The mortality rate of PCa in African American (AA) is 2-3 times higher than Caucasian American (CA) men. A number of studies demonstrated that high incidence and mortality rates of PCa among AA men might originate from genetic, lifestyle or socioeconomic-related factors. Molecular mechanisms underlying these discrepancies are still under investigation. The process of tumor growth and metastasis mainly depends on the ability of cancer cells to communicate with each other and with neighboring cells. Microvesicles (MVs) are small cell-derived extracellular bodies secreted by normal and tumor cells and they promote cell-cell communication. The cargo of these vesicles carries microRNAs mRNAs and proteins to recipient cells. MicroRNAs (miRNAs) are small non-coding regulatory RNAs that negatively regulate gene expression at the post-transcriptional level. However, their real physiological function of extracellular RNA (exRNA) including miRNAs, in PCa racial disparities is still obscure. Our previous study demonstrates that MV-derived onco-miRNAs contribute to PCa progression through transformation of patient-derived adipose stem cells. Importantly, we identified selective expression of a subset of putative onco-miRNAs in prostate tumors. Thus, altered onco-miRNAs expression could be a determinant factor for high PCa progression and mortality rates among AA men. Thus, we hypothesize that onco-miRNAs derived by prostate tumor microvesicles are critical to PC progression in AA men of PCa. This hypothesis will be tested by the following specific aims; 1) To investigate the expression levels of putative (miR-3613-3p and miR-3680-3p) and known (miR-125b, miR-130b and miR-155) onco-miRNAs in normal and PCa cells derived from AA and CA men as well as in human PCa specimens and 2) To examine the functional significance of these onco- miRNAs in mediating disease progression. This study is innovative, because it capitalizes on discovery of new functional roles for this putative onco-miRNAs and their relevant cellular target genes in PCa health disparity. Our expectation from this proposal is to understand the pleiotropic functions of these putative onco-miRNAs and clarify their implications in health disparity. Our preliminary results show that not only the expression of putative miRNAs (miR-3613-3p and miR-3680-3p) was higher in PCa cell lines versus normal cells but also in AA vs. CA patients. However, the expression of miRNA target genes (i.e. tumor suppressor genes; PDCD4 & LATS2) was low on in vitro and on human tissue level suggesting these miRNAs have an oncogenic activity. Our long-term goal is to explore the functional significance and potential clinical utilities of these putative miRNAs, as biomarkers or therapeutic targets, to improve the outcomes and quality of lives of patients suffering from this disease. The outcomes from this study will certainly benefit the PI by giving him the opportunity to acquire research support, exercise him to become independent investigator and inspire him to apply for independent research-supports (i.e. R01). In addition, scientific findings that will be obtained from this proposal may lead to discovery of new prognostic markers or therapeutic targets in PCa and definitely will address the reasons why African American men have more aggressive disease than other minorities.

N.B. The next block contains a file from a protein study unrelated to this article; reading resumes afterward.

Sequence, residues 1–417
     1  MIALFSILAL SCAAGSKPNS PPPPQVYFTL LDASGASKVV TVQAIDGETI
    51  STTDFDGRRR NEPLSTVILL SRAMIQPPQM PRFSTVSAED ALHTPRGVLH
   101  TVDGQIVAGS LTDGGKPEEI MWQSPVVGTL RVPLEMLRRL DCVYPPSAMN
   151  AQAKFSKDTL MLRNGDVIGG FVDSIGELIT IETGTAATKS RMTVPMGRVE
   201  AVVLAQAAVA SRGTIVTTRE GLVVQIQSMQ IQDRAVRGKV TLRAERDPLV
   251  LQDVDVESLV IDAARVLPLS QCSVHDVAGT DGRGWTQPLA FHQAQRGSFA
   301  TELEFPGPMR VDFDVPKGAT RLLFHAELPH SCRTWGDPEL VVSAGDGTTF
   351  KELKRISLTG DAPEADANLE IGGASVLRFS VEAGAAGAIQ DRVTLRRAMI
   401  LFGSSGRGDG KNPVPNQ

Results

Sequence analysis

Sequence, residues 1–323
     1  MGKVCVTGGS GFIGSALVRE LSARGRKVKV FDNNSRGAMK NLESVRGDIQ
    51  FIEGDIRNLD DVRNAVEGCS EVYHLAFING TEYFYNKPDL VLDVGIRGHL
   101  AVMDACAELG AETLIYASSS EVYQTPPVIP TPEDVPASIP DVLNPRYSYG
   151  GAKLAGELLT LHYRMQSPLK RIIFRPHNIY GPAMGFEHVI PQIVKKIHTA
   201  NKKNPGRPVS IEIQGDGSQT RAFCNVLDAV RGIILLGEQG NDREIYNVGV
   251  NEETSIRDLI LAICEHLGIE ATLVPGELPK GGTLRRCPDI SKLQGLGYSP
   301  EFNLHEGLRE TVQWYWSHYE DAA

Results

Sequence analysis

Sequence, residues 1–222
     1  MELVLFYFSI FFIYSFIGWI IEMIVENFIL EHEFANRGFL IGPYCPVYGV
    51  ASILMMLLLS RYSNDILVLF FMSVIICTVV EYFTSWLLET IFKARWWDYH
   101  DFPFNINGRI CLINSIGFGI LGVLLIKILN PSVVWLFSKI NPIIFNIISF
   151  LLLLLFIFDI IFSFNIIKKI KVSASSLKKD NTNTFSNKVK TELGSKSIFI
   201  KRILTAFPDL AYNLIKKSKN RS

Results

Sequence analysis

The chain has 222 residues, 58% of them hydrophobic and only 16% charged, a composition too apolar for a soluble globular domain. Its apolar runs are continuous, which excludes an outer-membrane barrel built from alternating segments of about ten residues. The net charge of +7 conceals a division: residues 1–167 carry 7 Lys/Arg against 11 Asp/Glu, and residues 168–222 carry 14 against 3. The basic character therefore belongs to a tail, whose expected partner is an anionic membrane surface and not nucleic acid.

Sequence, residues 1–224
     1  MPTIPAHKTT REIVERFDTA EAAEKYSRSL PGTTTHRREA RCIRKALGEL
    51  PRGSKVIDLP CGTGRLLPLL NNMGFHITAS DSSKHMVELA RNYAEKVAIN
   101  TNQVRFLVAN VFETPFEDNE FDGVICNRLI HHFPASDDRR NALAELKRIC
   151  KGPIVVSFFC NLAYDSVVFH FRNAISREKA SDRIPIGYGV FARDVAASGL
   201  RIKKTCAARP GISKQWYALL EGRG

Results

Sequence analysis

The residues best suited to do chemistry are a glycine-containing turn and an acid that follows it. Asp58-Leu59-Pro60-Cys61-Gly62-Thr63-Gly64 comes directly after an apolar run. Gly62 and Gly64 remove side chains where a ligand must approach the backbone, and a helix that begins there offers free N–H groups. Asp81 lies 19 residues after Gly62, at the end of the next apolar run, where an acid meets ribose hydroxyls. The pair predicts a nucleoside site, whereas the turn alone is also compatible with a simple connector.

Public Health Relevance

The mortality rate of prostate cancer (PCa) in African American (AA) is 2-3 times higher than Caucasian American (CA) men. Molecular mechanisms underlying these discrepancies are still unknown. Microvesicles 'tiny bodies' secreted in our body were proved to carry extracellular/exosomal RNA (exRNA) to their target cells. miRNAs, one of exRNAs, expression could be a determinant factor for high PCa progression among AA men. We aim to investigate the expression and functional significance of putative miRNAs in normal and PCa derived from AA and CA men, and further establishing their clinical utilities.

National Institute of Health (NIH)
National Cancer Institute (NCI)
Exploratory/Developmental Grants (R21)
Project #
Application #
Study Section
Special Emphasis Panel (ZRG1)
Project Start
Project End
Budget Start
Budget End
Support Year
Fiscal Year
Total Cost
Indirect Cost
Tulane University
Schools of Medicine
New Orleans
United States
Zip Code
Panigrahi, Gati K; Ramteke, Anand; Birks, Diane et al. (2018) Exosomal microRNA profiling to identify hypoxia-related biomarkers in prostate cancer. Oncotarget 9:13894-13910
Ali, Hamdy E A; Lung, Pei-Yau; Sholl, Andrew B et al. (2018) Dysregulated gene expression predicts tumor aggressiveness in African-American prostate cancer patients. Sci Rep 8:16335